Anyone who’s lived as part of a family knows it’s normal to have rows and disagreements every now and then. Conflict is, after all, a normal part of life – especially where families are concerned. Thankfully, most of the time family quarrels are resolved quickly. But when conflict becomes an ongoing problem in your home it can damage relationships, not to mention cause stress, depression, anxiety and resentment.
Families may experience relationship difficulties at different stages. For instance, the birth of a baby or sending children to start school can cause stress for young families. Dealing with adolescence can also cause difficulties, not just for teenagers but also parents and siblings. Indeed, each stage of a family’s life can have a seemingly inexhaustible supply of conflict possibilities.
Meanwhile, changes that affect a family’s situation can create tension too, such as moving house, redundancy, changing jobs (especially if this takes a parent away from their family for long periods of time), marriage, separation, divorce, redundancy and changes to a family’s financial circumstances.
Here are some other issues often involved in family conflict – do they ever affect you?
If you can’t remember the last time your family had a proper meaningful conversation, chances are you’re suffering from a lack of communication.
Not talking about the issues that affect your lives can cause a lack of understanding between family members, the result of which can be tension and arguments. Families that don’t communicate effectively may also find that disputes erupt quickly, easily and often.
Research suggests people from families with poor communication skills are less likely to say they’re close to one another. There’s also evidence that young people from families that communicate negatively are more likely to suffer from depression and anxiety.
Ask yourself if any of the following happen frequently in your family life:
- Silence (refusing to talk)
- Name calling
- Keeping secrets
- Issuing threats or using ultimatums
If so, your communication skills may need improvement.
If one parent has a job that keeps them away from home for long periods of time on a regular basis, their partner and indeed their children may believe they’re putting work before family. The partner left at home can feel neglected and – if they have very young children – overwhelmed. This is a typical work-family conflict, and in today’s hectic world, achieving a good work-family balance can be difficult for those in nearly all socio-economic groups.
Work-family conflict is a very common problem. In the USA for instance, experts have reported around 90% of working mothers and 95% of working fathers experience work/family conflict to some extent or another. And according to a European Quality of Life Survey, Europeans are more dissatisfied with how much time they spend with their family compared with how much time they spend at work.
There are numerous issues that cause arguments in families, including everything from quarrels over whose turn it is to do the dishes to children failing to live up to their parents’ expectations. Arguments are however an inevitable part of family life. Some experts even believe arguments are essential, since children should learn to voice their opinions – however unpalatable it may be to their parents – to develop into well-rounded adults.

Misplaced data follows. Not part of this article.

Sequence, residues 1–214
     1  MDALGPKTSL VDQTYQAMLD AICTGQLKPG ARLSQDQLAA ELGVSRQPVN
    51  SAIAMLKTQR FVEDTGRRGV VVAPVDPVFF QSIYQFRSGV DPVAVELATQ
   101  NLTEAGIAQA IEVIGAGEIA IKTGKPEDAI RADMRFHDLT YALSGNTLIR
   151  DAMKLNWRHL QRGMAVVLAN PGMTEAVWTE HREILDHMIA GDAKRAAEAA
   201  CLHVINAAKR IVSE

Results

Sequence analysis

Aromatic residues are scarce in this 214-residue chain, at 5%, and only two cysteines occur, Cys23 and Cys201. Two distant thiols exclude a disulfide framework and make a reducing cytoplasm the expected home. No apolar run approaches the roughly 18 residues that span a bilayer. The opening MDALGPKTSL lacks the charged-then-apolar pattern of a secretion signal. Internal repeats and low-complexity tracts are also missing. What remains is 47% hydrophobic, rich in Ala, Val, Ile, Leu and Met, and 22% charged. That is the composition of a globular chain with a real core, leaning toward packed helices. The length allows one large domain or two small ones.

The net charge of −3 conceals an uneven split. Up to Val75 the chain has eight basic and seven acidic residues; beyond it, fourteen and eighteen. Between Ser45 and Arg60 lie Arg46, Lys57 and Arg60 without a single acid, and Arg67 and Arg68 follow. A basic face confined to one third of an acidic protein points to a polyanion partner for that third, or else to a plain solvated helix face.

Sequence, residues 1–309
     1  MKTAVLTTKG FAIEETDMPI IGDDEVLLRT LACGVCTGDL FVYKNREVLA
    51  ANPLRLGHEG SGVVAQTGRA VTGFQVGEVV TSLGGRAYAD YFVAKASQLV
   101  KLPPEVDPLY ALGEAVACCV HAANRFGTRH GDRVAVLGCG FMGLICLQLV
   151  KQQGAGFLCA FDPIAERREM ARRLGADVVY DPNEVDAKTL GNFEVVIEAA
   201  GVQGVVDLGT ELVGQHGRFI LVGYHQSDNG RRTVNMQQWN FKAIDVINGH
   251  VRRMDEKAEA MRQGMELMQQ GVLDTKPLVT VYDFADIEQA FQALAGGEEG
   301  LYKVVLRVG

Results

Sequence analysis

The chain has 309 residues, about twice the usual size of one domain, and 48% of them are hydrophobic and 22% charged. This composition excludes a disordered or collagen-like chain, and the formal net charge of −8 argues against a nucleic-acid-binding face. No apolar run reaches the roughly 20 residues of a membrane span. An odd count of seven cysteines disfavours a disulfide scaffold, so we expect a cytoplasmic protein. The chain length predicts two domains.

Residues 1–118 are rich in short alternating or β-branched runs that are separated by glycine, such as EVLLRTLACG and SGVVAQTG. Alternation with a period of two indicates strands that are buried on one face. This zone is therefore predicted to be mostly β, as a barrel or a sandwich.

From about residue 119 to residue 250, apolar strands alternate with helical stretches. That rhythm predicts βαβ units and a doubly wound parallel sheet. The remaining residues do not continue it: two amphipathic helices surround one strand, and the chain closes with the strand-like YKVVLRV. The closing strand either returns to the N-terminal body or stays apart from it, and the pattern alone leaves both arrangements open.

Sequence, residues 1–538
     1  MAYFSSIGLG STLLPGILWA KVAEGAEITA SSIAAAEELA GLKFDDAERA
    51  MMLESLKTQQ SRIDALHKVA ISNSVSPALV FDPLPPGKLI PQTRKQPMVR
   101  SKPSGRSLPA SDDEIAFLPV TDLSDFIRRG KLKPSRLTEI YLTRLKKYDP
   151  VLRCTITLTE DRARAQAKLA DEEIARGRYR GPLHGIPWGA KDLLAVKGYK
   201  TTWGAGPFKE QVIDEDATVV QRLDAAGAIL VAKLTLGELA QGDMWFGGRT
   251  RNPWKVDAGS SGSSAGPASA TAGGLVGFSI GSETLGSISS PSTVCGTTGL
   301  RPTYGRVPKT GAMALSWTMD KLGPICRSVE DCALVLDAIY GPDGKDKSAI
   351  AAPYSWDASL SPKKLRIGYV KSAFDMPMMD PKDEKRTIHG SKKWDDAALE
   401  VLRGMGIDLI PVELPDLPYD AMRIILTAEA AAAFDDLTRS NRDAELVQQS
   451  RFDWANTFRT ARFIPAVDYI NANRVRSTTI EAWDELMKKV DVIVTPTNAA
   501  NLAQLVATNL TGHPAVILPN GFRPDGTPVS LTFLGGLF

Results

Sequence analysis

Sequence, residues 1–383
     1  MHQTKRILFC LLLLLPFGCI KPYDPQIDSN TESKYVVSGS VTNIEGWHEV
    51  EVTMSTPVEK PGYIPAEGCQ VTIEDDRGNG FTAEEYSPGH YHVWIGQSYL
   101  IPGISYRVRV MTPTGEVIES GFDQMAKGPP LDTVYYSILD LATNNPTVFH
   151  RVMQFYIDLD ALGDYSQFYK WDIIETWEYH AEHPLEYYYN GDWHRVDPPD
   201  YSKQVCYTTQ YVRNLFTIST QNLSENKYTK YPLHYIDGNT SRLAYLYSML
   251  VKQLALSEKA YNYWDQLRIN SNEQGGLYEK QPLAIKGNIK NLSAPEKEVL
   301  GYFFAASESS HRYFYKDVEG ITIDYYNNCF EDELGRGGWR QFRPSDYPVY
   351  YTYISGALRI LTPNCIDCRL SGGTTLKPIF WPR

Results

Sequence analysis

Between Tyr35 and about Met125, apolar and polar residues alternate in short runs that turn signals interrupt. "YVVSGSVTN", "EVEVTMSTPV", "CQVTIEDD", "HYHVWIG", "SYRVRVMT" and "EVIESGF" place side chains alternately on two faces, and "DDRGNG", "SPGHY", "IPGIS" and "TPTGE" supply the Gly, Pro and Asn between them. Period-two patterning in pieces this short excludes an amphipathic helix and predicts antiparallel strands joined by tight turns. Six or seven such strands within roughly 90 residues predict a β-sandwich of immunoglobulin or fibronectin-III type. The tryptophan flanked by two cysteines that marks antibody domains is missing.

Whose responsibility it is to do the housework can be a particular cause of tension and resentment in couples as well as families. One survey even suggests the sharing of household chores is one of the highest-ranking issues linked with a successful marriage.
Families where couples have very different views on how to bring up children can have a particularly turbulent time. These parents may disagree over many issues, though one of the most common is family discipline and how to set rules for children.
Parenting styles can largely depend on how people are raised themselves and what they experienced in their own family. And when one partner’s parenting style differs wildly from the other’s, it can cause frustration and may even drive parents apart, not to mention create a confusing environment for children to grow up in.
Financial difficulty is understandably a major source of family conflict, especially when parents or couples develop money worries and find themselves unable to pay household bills or go into debt.
Even where there isn’t a lack of money, couples may not agree on how, when or where their money is spent, which can cause endless disputes (some estimates claim discussing family finances causes around 3 arguments a month on average). Indeed, having financial problems or disagreements is often cited as one of the main causes of divorce.
This is the first of a series of 2 articles on family relationships. The second will look at ways to encourage better relationships at home.
How CABA can help
If you’d like to find out more about how to cultivate positive emotions and relationships, why not join us on our free one-day course called Authentic happiness: the theory and practice of wellbeing. We also offer a range of emotional support for those who are experiencing relationship difficulties, even if all you want to do is have a chat.